ARCHIVED: Trustee Mentors

The transition from college life to a meaningful career can be tough. But thanks to a new pilot program at SLC, 20 graduating students now have a guide.

The program pairs seniors with members of the Board of Trustees for one-on-one mentoring, Sarah Lawrence style. Over the course of the year, the pairs talk regularly, discussing everything from how to find a job to life after graduation.

The official program, which is sponsored by the offices of Career Counseling and Alumnae/i Relations, ends in May, but most of the pairs say that their relationships will last much longer. Here’s a look at what both students and mentors are getting out of it.

Making Plans: Nancie and Jess

Name: Nancie Cooper MFA ’04
Profession: Retired management consultant
Why do you like being a mentor? “On the board we spend so much time talking about the students; it’s wonderful to be able to put some faces to all that planning. Jess is a wonderful storyteller, and she’s very good with children, drawing them out. I really enjoy spending time with her.”

Name: Jess Goodwin ’10
Concentrations: Theatre and education
Why do you like being a mentee? “I like having somebody who I can talk to about the practical things. I love my teachers and they’ve been incredibly supportive, but it isn’t always fair to ask them specific things like how to get a job.”
Best advice received: “What I like about Nancie is that she gives very clear goals, like ‘I want you to do these three things this month.’”

Friendly Advice: Mark and Frederic

Frederic Richter '10 and Mark Goodman '83Name: Mark Goodman ’83
Profession: Lawyer
Why do you like being a mentor? “I love Frederic’s enthusiasm, his intelligence, and his sense of limitless possibility. Spending time with him reminds me of the way the world looked when I was leaving college and trying to figure out what would come next. I fully expect to keep in touch with Frederic as he moves on from Sarah Lawrence. Ending our relationship at graduation would seem very artificial.”

Name: Frederic Richter ’10
Concentrations: Writing, history, and film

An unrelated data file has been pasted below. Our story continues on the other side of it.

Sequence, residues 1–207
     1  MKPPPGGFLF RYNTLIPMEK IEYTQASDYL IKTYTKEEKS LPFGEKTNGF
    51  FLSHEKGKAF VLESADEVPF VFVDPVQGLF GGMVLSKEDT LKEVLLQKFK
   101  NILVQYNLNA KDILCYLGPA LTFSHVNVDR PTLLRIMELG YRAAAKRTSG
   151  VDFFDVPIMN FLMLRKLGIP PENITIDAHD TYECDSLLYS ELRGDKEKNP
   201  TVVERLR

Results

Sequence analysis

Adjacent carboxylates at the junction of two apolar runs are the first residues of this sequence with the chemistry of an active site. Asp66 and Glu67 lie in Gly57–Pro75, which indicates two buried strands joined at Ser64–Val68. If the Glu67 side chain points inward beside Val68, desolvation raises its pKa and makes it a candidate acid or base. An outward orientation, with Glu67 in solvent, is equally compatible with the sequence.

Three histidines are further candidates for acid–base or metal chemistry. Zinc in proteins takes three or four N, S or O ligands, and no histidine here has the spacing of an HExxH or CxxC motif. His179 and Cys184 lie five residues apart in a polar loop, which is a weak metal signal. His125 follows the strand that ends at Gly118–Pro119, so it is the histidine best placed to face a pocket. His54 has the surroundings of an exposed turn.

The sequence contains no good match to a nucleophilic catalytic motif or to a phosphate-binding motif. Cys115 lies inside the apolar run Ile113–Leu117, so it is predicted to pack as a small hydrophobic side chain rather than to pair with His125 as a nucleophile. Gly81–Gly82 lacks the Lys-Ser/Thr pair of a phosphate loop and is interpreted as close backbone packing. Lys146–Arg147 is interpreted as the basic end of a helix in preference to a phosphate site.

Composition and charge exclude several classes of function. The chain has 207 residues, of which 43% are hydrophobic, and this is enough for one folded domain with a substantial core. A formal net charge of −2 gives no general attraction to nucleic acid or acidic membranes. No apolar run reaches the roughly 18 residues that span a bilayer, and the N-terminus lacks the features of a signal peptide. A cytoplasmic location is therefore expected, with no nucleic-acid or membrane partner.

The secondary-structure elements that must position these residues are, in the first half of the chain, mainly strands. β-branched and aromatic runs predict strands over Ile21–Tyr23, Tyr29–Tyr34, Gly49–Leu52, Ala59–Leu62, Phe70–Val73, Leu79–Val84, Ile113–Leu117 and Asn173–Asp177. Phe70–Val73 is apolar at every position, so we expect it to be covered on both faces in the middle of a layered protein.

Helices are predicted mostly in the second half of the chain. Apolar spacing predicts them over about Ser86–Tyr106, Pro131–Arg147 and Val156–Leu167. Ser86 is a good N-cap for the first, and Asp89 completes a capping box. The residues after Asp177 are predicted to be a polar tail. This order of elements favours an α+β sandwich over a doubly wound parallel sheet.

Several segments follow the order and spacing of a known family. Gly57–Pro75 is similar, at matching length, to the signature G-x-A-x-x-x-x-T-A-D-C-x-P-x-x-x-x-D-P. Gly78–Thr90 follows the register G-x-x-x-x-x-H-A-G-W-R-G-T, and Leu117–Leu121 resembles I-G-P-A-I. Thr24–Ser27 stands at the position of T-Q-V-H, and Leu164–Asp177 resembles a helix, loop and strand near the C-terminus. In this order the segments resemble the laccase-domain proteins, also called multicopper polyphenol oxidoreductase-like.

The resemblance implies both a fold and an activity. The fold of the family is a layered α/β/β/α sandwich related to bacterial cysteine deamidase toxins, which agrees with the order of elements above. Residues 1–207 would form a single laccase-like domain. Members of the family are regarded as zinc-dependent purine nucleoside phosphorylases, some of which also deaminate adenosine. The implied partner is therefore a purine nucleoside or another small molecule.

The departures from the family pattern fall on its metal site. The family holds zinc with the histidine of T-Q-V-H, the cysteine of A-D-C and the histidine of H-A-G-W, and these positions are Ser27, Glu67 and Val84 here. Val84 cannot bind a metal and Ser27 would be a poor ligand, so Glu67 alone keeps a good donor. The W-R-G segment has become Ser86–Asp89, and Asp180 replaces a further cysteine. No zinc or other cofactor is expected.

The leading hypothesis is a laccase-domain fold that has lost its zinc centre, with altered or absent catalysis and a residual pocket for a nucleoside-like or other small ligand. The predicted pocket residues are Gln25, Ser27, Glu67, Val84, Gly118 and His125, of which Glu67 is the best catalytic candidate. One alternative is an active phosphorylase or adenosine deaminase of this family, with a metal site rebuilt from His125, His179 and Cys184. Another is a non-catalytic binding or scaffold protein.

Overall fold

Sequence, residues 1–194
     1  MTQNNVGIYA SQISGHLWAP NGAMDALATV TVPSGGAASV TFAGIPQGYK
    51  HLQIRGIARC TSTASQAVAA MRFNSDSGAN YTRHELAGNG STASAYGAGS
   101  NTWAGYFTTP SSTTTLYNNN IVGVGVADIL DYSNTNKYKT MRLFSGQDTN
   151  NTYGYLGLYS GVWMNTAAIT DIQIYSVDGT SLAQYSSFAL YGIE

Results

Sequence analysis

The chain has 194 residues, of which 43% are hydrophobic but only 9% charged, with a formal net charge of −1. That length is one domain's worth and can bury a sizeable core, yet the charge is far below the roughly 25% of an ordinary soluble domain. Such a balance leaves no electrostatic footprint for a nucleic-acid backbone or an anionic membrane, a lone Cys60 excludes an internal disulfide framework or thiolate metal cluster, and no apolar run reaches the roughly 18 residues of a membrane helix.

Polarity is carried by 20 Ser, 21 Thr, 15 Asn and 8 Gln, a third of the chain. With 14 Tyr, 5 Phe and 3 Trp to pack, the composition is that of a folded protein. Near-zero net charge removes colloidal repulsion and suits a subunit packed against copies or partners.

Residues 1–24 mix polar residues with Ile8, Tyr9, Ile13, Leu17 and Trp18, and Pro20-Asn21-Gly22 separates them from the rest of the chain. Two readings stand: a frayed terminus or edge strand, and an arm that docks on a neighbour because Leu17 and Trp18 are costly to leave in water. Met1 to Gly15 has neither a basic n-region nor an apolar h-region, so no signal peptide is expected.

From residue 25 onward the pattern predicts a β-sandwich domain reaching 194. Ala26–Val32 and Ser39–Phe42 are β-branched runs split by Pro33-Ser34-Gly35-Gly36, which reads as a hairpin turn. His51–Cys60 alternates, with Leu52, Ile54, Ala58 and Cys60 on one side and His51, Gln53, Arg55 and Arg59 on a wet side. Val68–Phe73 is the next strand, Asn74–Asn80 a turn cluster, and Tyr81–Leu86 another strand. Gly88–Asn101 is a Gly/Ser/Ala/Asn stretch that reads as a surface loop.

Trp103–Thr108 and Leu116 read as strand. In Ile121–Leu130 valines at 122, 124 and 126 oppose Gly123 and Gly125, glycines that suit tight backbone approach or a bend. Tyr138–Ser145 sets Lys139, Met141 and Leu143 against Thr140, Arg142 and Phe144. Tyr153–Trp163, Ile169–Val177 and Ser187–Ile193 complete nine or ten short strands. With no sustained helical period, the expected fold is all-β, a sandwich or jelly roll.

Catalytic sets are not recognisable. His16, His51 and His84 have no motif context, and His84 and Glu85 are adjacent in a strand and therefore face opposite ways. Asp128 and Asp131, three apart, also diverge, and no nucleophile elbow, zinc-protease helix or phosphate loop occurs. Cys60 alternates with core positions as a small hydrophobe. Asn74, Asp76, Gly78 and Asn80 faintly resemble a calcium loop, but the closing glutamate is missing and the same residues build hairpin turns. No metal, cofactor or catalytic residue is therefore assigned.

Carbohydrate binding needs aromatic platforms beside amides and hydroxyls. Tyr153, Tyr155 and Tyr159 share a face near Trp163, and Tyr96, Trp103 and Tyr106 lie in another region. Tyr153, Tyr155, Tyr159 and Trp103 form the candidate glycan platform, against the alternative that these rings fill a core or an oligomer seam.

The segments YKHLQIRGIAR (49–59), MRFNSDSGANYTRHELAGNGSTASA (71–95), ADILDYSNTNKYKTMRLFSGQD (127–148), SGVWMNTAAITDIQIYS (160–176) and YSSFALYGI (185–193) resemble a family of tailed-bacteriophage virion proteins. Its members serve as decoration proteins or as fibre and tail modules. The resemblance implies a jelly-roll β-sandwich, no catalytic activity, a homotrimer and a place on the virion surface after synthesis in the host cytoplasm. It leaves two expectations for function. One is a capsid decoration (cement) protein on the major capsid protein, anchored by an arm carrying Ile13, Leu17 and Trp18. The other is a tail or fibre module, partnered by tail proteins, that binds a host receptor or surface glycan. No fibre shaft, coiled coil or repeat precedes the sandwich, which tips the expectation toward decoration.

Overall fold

Why do you like being a mentee? “It gives students the opportunity to meet the trustees, who are so integral to the running of the school. Little things that would normally go way below their radar, like prices at the Pub, come into their awareness from conversations with students.”
Best advice received: “Mark told me that if I don’t think law school is right for me, it’s not. He gave me reassuring advice that I’m not insane to pursue film. It’s nice to have a friend, someone who’s concerned about you but who’s not a student.”

Building a Network: Paula and Lindsey

Paula Rudnick '72 and Lindsey Kempton '10Name: Paula Rudnick ’72
Profession: Retired television producer
Why do you like being a mentor? “I think it’s really helpful for students to have a network once they graduate and enter the professional world. It is very gratifying to help someone who is just starting out.”

Name: Lindsey Kempton ’10
Concentrations: Film and writing
Why do you like being a mentee? “I really enjoy being able to connect with someone who went to Sarah Lawrence and who can take the experience from here and apply it to the film industry.”
Best advice received: “She told me that it takes two years to get your foot in the door, so I should look at my first jobs in the industry as the equivalent of going to an entertainment grad school. This advice has really helped me frame my perspective going into the job market.”

Fresh Perspectives: Rona and Jennifer

Name: Rona Carr ’74
Profession: Principal and founder of Austin International Group
Why do you like being a mentor? “I’m on the facilities committee of the Board of Trustees, and it’s been many years since I’ve looked at campus from a student’s perspective. Listening to Jennifer talk about what she’s doing helped me look more closely at the physical aspects of the campus and the quality of the social life.”

Name: Jennifer Wong ’10
Concentrations: Japanese and literature
Why do you like being a mentee? “I’ve always been interested in how people got to where they are. I want to hear what it’s like, life after SLC—both the bumps in the road and the fortuitous accidents.”
Best advice received? “I didn’t really sign up for the mentoring program seeking advice. I signed up wanting to know someone who graduated from SLC and is happy about where they are and what they’ve done. As a graduating senior, that’s the most reassuring thing you can hear.”